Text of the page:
I would not keep longer than 6 months loaded in magazine. I’ve never reach this period, I’m reloading my magazines all the time (carry, range).
These 6 months limitation is not because of the ammo, it is because of magazine spring that shouldn’t be in compressed state for a long time.
I would not keep longer than 6 months loaded in magazine. I’ve never reach this period, I’m reloading my magazines all the time (carry, range).
I thought unloading them and loading them caused more wear than leaving them loaded . Like you, I use all my mags at the range, so they don’t sit loaded for really long times.
I thought “cycling ammo” was changing old carry ammo for new carry ammo.
Cycling between old and new doesn’t matter… when can we consider ammo as old?
The only “wear” I carry about is round chambered. If it is slammed into the chamber several times, the projectile can move out from the casing a little. In this case I won’t trust this round anymore.
Are you shooting range ammo and then you have a different set of HD ammo. I would probably cycle it a bit more often. Not for wear and year but so you don’t lose the muscle memory of the difference between range ammo and HD ammo. But that’s just me.
Jerzy, I don’t understand the concept of cycling ammo, Please help clear up the clouds surrounding this.
You made a statement that the round you carry chambered suffers from wear, how, the round in the chamber is located in the most formfitting area on the weapon? Any movment is limited by the bolt face. Rounds in the magazine can and do move, just shake a magazine and you will hear the rounds move slightly, but so what, if they did not move they could not pass thru to the barrel chamber.
At this point I see no reason to cycle ammo just because it is weeks old, it won’t go bad unless stored in some very conditions. As fas as the bullet movment in the chamber, I can not understand how that happens. I understand that revolvers can and do suffer from cylinder lock, due to rounds jumping the crimp, but even this is very rare and is usually is a direct result of a handload being poorly crimped in place.
Please, help me to understand.
There are a couple different concepts floating in here.
Cycling or Rotating ammo…
To me, this is the practice of shooting ALL the SD/HD ammo in a magazine(s), ensuring the mag functions well, the ammo cycles, no failures, and you can hit what you aim at. You then reload that mag(s) with SD/HD ammo and put it back where it was. You should do this on a regular(ish) basis.
Ammo doesn’t “go bad” if it is just sitting in a magazine and not in any sort of weird weather conditions.
Carry ammo is subjected to slightly more stress since its next to your body (hot) and some people sweat (a lot) onto or into it. I dont know where you would draw the line when you can say “i’ve worn this ammo for X years, I’m not sure it goes bang anymore”.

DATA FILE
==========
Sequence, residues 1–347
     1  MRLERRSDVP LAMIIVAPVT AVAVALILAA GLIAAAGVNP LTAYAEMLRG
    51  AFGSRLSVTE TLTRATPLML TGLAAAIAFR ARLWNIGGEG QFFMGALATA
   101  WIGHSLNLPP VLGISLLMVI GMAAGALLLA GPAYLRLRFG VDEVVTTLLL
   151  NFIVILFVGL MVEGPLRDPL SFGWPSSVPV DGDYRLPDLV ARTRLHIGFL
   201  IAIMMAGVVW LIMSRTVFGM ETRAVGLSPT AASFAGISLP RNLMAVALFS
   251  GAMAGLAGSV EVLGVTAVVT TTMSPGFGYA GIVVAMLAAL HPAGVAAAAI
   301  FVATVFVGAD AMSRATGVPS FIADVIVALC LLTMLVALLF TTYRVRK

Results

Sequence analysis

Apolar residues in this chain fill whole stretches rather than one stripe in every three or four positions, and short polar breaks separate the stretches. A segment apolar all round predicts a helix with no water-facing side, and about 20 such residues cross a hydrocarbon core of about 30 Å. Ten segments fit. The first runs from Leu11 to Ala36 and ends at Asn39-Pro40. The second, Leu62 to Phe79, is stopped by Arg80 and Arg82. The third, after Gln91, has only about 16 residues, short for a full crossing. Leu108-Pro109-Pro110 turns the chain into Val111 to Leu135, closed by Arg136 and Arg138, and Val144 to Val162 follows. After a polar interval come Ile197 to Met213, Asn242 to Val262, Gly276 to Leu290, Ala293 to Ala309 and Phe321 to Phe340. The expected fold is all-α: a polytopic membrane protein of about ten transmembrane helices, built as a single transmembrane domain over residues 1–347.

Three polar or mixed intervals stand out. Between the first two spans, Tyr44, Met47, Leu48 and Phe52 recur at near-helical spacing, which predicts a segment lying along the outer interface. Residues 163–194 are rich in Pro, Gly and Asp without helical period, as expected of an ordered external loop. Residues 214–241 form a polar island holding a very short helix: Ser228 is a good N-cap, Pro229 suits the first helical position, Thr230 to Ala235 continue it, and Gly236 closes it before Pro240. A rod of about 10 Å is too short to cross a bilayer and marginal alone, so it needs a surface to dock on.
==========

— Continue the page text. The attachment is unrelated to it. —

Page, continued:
Cycling/Rotating your HD/SD ammo every 6mo/1year is only partially to prevent it from going bad/stale. Mainly it is to make sure that you practice with your carry ammo since it will usually “feel” different from range ammo (recoil) and there is a potential POA/POI shift from range ammo.
If you can afford to dump your carry SD ammo every range trip, by all means go for it. Every 6mo/1year seems reasonable to me, but YMMV. I dont have any scientific data on it, but past 1 year just feels like its too long since you’ve trained with your carry ammo, but that is subject to everyone’s budgets and priorities.
Bullet setback (cycling/rotating ONE round)
Bullet setback is a real thing, although not super common (at least that I’ve heard of). This pertains to the folks who unload/load their magazines in a firearm on a regular basis. For example, your carry firearm goes in the safe each night. You take the firearm out of the holster, drop the magazine, rack the slide to empty the chamber, and set aside the chambered bullet. The next day you put the magazine back in, rack the slide to chamber a round, and maybe put yesterday’s bullet back on the top of the magazine.
What ends up happening is that each time the slide chambers a round it slams into the bullet from the magazine and slams it into the chamber there is the potential for the bullet to get pushed back into the casing just a teeny tiny bit. Where this is dangerous is if the bullet gets seated back too far you end up with over-pressure in the case, causing kabooms in worst case scenario and FTFire in best case scenario. AFAIK, it is a pretty grey area as far as when you can say “this is too much setback”, there is no definitive number such as 50 chamberings is OK, but 51 is not.
If you do this to a bullet once it is no big deal, I doubt its even measurable. But if you “cycle/rotate” that same bullet into a chamber a lot of times, then you begin to see it. I’ve seen “on the internet” where people have chambered a round 50 or 100 times and the bullet will be setback a few millimeters. 100 may sound like a lot, but if you consider the person who cycles/rotates that top round every day putting the firearm in/out of the safe that is up to 365 chamberings for a single bullet and each one is an opportunity for setback.